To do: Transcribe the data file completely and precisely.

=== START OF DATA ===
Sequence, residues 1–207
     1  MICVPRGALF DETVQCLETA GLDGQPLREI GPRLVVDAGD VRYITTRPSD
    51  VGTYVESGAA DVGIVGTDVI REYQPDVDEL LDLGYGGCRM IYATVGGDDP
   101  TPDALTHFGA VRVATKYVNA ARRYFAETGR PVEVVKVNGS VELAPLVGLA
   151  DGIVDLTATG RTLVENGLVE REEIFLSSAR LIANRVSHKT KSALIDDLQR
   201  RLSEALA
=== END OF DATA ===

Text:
Sequence, residues 1–207
     1  MICVPRGALF DETVQCLETA GLDGQPLREI GPRLVVDAGD VRYITTRPSD
    51  VGTYVESGAA DVGIVGTDVI REYQPDVDEL LDLGYGGCRM IYATVGGDDP
   101  TPDALTHFGA VRVATKYVNA ARRYFAETGR PVEVVKVNGS VELAPLVGLA
   151  DGIVDLTATG RTLVENGLVE REEIFLSSAR LIANRVSHKT KSALIDDLQR
   201  RLSEALA